Intelligence Brief: What did we learn about 5G-Advanced at MWC23?

In a blog for Mobile World Live last month, I highlighted the importance of 5G-Advanced for the mobile ecosystem over the next few years and what I can expect from MWC23 Barcelona, ​​​​specifically the 5G Futures Summit and its To Infinity and Beyond experienced hoped In addition, with 5G-Advanced session.

Now that the session had just ended, I wanted to take some time to reflect on what we actually learned.

But first a summary of my message from the last blog.

While we just hit the first billion 5G connections in late 2022, we know that 5G-Advanced will be a key industry focus in 2023 given the confluence of multiple dynamics: 5G-Advanced standards will be frozen later this year, demand after network technology upgrades on the way to 6G and the potential of 5G-Advanced to represent a network disruption that vendors and operators want to drive.

With that in mind, we had high hopes for what the MWC23 would teach us. With that in mind, what were my top five takeaways from the session?

5G Advanced and 5G Evolution. It may be tempting to view 6G as a long-term goal for cellular networks with 5G-Advanced as a stopover along the way. However, the speakers at the session wanted to position 5G-Advanced as an integral part of the 5G evolution. You’ve seen this in Orange’s nod to Non-Standalone (NSA) and Standalone (SA) launches, with 5G-Advanced being a natural extension, along with Qualcomm’s positioning of 5G Advanced on the road to 6G. In summary, one observation by Huawei was that “as 5G matures, new trends emerge”. While obvious at first glance, it’s another reminder that 5G-Advanced is more than just a new technology, it’s part of the 5G story that many operators have already embraced and is central to its implementation of the broader 5G promise. Services, trends and experiences. When GSMA Intelligence approached operators in 2022 to understand how they felt about their networks, user experience emerged as the top strategic priority, with service reliability expectations being the key customer requirement shaping their network planning. So it wasn’t particularly surprising that much of the 5G Advanced discussion featured experience as a factor. Apart from the title of Orange’s presentation (5G Advanced Experience) or a reference from Huawei to “multidimensional and deterministic services”, Zain captured the connection best. With 5G-Advanced enabling new AI use cases, the Saudi operator argued that a world of new experiences could be unleashed. Regardless of what those experiences are, another argument was to view 5G-Advanced not just as a set of technologies, but to see it as a tool to deliver end-user value. AI in focus. Regardless of what we hope to see from 5G-Advanced, it naturally represents a range of technologies, two of which will receive a lot of attention in the session. Let’s start with AI. Certainly, Zain’s argument that 5G-Advanced will enable new AI-driven use cases was compelling. But the connection between AI and 5G-Advanced goes deeper. As Qualcomm explained, 5G-Advanced represents the collaboration of 5G and AI, supported by a Release 18 scope that includes AI/ML-enabled air-interface design and an extension of ML to the RAN, device, and air-interface layers. Simply put, 5G-Advanced will support the introduction of new AI applications, but will also require AI to operate itself. IoT in focus. Support for Massive IoT was at the heart of the original argument for 5G. But expectations from Huawei, Orange, and Qualcomm all show there’s more to do than just scaling or densifying deployments. Rather, the improvements of 5G-Advanced promise new functions and capabilities: 5G IoT with reduced capacity (RedCap) for cost and efficiency gains, new detection and positioning functions, Ambient Power IoT. Together, the promise is to advance the IoT to support new use cases as well as extreme scale. Something for everyone. While IoT and AI were broad, overarching themes in many of the presentations throughout the session, many other specific aspects of what 5G-Advanced will bring were also broadcast. Non-terrestrial networks including drone and satellite integration. Improved uplink performance. Automation and energy saving. Countless new radio innovations. Combining services, experience and technology, these are more than a random collection of standards and specification inclusions. They represent a wide range of capabilities aimed at enabling a wide range of new services.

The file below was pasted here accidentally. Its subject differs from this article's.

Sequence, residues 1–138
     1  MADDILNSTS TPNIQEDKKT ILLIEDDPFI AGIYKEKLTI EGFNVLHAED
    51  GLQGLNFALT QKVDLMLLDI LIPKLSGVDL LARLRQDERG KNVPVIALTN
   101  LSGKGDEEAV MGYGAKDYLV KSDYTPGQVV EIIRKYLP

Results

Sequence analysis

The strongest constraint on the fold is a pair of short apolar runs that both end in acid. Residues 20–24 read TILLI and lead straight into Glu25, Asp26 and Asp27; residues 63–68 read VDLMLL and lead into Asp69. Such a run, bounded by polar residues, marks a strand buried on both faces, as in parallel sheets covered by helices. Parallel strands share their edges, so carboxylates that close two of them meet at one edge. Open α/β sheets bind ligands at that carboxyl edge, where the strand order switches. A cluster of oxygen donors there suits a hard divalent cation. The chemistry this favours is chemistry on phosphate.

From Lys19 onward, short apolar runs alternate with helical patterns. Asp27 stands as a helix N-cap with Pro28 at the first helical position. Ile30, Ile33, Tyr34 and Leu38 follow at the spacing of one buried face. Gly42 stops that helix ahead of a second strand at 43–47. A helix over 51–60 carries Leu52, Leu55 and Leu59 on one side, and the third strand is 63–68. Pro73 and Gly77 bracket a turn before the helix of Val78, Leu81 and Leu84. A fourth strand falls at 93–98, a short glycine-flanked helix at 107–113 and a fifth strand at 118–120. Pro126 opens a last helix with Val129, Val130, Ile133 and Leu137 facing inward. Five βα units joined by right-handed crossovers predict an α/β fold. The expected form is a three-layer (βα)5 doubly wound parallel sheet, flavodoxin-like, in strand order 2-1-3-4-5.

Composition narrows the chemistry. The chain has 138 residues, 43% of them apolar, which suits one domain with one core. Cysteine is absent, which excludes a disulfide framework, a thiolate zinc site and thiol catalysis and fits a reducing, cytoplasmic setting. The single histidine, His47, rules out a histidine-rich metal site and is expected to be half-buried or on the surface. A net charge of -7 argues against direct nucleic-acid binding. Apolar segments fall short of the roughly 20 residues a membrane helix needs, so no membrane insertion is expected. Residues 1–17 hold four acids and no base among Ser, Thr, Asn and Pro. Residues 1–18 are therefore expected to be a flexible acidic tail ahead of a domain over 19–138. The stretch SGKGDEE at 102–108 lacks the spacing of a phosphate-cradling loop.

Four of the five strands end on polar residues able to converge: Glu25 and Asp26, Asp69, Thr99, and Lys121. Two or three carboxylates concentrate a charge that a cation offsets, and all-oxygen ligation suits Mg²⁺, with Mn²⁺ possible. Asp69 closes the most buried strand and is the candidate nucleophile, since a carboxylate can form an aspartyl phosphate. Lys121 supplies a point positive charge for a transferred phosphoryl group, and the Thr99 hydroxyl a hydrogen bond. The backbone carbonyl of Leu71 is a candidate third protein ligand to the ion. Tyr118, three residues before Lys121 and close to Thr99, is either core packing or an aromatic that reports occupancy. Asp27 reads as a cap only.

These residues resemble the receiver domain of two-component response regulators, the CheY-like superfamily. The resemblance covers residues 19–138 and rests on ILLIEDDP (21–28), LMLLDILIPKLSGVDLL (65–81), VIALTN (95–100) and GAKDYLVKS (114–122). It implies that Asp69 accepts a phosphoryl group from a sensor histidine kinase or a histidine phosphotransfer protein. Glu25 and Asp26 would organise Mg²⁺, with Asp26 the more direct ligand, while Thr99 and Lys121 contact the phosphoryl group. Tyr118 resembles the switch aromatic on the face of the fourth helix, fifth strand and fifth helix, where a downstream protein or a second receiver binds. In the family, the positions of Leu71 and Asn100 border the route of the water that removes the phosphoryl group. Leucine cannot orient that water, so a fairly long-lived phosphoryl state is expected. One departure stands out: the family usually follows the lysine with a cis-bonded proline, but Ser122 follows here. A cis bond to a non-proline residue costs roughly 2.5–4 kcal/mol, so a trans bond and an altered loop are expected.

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Encouraging, if not surprising, the session provided a positive outlook on the prospects that 5G-Advanced can offer. Here, however, it’s important to commend Huawei for saying “further collaboration is needed” and acknowledging the support of the 5G Futures Community in supporting the technology. Finally, without continued spectrum allocations, support for refarming, testing and interoperability testing, we will not be able to deliver on the promise of 5G-Advanced. That’s reason to look forward to the 2024 edition of the session and the progress we’ll (hopefully) see.

– Peter Jarich – Head, GSMA Intelligence

The editorial views expressed in this article are solely those of the author and do not necessarily reflect the views of the GSMA, its members or associate members.